Loading in 2 Seconds...
Loading in 2 Seconds...
Earthquake Seismology: The stress tensor Equation of motion Hooke’s law The elastodynamic equation of motion P-waves and S-waves. Follows mainly on Lay and Wallace, Modern global seismology, Academic Press. THE STRESS TENSOR. STRESS = FORCE/AREA Pascal=Newton/m 2.
Follows mainly on Lay and Wallace, Modern global seismology, Academic Press.
STRESS = FORCE/AREA
Why stress (and not force)?
Fig. from Twiss and Moores
Consider a small cubic element of rock extracted from the Earth. The stress acting on this element may be visualized as follows:
The stress tensor in 3D:
and 2D (that is, when ) :
The stress tensor is symmetric
What’s the sum of forces acting at the x1 direction on x1 plane is?
Sum of forces acting at the x1 direction on x1 plane is:
Sum of forces acting at the x1 direction on x2 plane is:
Sum of forces acting at the x1 direction on x3 plane is:
What’s the sum of forces acting at the x1 direction?
The stress balance at the x1 direction is:
The stress balance at the x2 direction is:
The stress balance at the x3 direction is:
Or more compactly:
This is the equation of motion
For static problems:
In general, stress-strain relations are material, pressure and temperature dependent. Yet, under very small strains (such as those occur during the passage of the seismic waves), most materials exhibit linear elastic behavior.
Rocks subject to infinitesimal strain of short duration, deform reversibly and the strain is related (linearly) to strain according to Hooke’s law:
Where C and S are the forth order stiffness and compliance tensors, respectively.
(The former formalism is convenient for problems in which the strains components are known and the stress components are the dependent variables, whereas the latter formalism is convenient for problems in which the stress components are known and the strain components are the dependent variables.)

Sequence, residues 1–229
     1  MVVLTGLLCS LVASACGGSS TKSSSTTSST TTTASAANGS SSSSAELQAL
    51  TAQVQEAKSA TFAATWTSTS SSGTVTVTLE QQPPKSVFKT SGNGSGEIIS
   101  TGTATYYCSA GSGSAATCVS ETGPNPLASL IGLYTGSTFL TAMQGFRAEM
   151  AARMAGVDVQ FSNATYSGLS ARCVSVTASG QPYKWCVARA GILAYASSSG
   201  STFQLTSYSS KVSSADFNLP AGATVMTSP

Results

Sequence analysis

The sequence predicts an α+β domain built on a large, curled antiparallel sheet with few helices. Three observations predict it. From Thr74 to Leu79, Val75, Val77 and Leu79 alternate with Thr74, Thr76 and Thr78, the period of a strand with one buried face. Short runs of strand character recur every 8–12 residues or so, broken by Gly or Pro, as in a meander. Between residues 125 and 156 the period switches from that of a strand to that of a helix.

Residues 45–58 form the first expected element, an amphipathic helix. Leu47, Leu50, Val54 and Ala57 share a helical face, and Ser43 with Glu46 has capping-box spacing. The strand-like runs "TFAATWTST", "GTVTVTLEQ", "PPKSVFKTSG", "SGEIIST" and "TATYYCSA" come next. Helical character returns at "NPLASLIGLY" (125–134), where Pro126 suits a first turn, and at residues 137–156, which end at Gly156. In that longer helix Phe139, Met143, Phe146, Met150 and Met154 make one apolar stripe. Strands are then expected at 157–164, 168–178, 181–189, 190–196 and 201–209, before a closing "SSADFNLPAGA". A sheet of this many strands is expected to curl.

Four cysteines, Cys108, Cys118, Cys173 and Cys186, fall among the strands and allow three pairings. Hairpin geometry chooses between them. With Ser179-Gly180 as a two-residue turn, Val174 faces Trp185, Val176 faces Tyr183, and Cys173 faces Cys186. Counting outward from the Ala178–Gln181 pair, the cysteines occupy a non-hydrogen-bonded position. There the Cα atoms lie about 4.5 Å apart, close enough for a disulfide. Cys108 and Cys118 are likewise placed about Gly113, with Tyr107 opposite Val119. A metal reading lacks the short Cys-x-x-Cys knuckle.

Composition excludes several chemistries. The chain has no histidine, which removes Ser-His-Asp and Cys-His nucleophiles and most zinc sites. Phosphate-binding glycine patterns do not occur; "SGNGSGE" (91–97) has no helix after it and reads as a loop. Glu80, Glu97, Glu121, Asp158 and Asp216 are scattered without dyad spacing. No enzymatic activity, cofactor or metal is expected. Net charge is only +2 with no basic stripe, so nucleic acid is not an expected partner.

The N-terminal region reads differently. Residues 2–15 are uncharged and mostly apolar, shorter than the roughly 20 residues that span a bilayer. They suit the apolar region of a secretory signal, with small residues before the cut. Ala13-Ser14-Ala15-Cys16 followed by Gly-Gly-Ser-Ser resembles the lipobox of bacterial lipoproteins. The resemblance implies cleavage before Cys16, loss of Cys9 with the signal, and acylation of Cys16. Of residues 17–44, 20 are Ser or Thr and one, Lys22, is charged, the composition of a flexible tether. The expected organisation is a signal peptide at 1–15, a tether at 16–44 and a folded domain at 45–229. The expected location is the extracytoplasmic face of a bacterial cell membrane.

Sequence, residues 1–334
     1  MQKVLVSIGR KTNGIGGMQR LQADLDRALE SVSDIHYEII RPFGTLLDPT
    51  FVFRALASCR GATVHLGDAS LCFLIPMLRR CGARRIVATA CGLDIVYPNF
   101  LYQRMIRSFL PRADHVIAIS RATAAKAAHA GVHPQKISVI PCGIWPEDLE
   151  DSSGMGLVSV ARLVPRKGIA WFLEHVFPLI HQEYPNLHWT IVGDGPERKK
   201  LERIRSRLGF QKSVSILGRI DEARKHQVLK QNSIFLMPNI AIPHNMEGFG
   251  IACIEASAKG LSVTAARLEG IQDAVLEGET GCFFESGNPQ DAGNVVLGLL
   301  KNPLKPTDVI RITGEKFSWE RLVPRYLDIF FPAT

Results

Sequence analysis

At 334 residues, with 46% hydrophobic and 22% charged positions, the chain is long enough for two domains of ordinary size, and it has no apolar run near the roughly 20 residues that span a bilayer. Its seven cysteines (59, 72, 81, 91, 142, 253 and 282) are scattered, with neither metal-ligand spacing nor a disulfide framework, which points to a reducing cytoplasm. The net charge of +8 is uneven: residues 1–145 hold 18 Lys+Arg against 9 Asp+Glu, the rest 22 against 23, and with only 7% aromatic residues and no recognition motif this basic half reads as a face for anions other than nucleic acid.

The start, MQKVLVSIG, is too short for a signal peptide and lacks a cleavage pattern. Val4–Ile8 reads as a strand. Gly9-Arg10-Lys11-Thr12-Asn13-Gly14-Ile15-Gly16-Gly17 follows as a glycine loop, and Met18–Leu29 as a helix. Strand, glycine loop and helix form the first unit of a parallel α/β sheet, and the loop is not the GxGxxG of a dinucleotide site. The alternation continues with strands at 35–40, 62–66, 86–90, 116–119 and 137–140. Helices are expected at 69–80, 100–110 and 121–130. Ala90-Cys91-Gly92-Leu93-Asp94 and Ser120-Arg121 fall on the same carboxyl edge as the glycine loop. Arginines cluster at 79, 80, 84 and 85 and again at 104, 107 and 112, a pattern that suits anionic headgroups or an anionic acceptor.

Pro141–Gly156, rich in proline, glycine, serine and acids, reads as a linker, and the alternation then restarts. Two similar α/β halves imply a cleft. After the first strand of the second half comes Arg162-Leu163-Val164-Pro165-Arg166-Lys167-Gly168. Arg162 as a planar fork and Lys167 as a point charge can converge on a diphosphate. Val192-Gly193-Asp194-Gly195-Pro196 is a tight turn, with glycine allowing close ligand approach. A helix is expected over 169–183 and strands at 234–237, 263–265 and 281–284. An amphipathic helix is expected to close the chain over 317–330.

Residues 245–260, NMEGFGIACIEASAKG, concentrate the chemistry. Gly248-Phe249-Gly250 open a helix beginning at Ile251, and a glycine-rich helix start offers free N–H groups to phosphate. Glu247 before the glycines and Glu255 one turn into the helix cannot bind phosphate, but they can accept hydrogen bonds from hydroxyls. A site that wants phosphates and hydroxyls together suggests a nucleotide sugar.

In general, the stiffness matrix consists of 81 independent entries
Thanks to the symmetry of the stress tensor, the number of independent elastic constants is reduced to 54
Thanks to the symmetry of the strain tensor, the number of independent elastic constants is further reduced to 36
A further symmetry relation (Cijkl=Cklij) follows from consideration of a strain energy density function (see Malvern, 1969), leaving 21 elastic moduli in the most general elastic material.
The stress-strain relation of an isotropic elastic material may be described by 2 independent elastic constants, known as Lame constants, l and m, and:
And one finds:
The 5 elastic constants are expressible in terms of 2 constants. Here is a conversion table:
For many Earth materials, and when they are exactly equal the material is called Poisson solid, for which .
The following equations are combined to get the equation of motion of isotropic linear elastic medium (with no body forces):
The homogeneous equation of motion
The strain-displacement relation
We consider the x1 direction first:
For isotropic material, the above equation can be rearranged to get:
Similarly, for the x2 and x3 directions, we get:
In summary, the 3D propagation of waves in isotropic homogeneous elastic medium is described by:
Adding the x1 derivative of (1), the x2 derivative of (2) and the x3 derivative of (3) gives:
This is the wave equation in terms of volumetric strain. Such equations fall into the category of hyperbolic partial differential equations, whose solution is of the form:
and the speed at which volumetric strain propagates is equal to:
The solution to the hyperbolic partial differential is equal to the real part of a harmonic equation of the form:
where w and k are the frequency and the wave number, respectively, and the velocity at which the wave propagates is equal to:
The solution to describes a wave propagating at the +x direction, whereas the solution to describes a wave propagating at the –x direction.
This is how the solution to looks like:
Here are the solutions at a fixed position (top) and a fixed time (bottom):
This indicates that elastodynamic disturbance within an unbounded body consists of three different waves; a dilatational strain propagates at a speed equal to a and two perpendicular shear waves that propagate at a speed that is equal to b, with a>b.
and for body waves:
The amplitude of surface waves decays slower with distance than that of body waves. Consequently, after a large earthquakes, surface waves can circle the Earth many times.
In general, the wave amplitude decreases with increasing distance from the source.
Note the aftershock.
The 3 elastodynamic equations may be written in equivalent vector form as:
The Laplacian of the displacement vector may be expressed as (see box at the end):
Next, substituting (2) into (1) gives: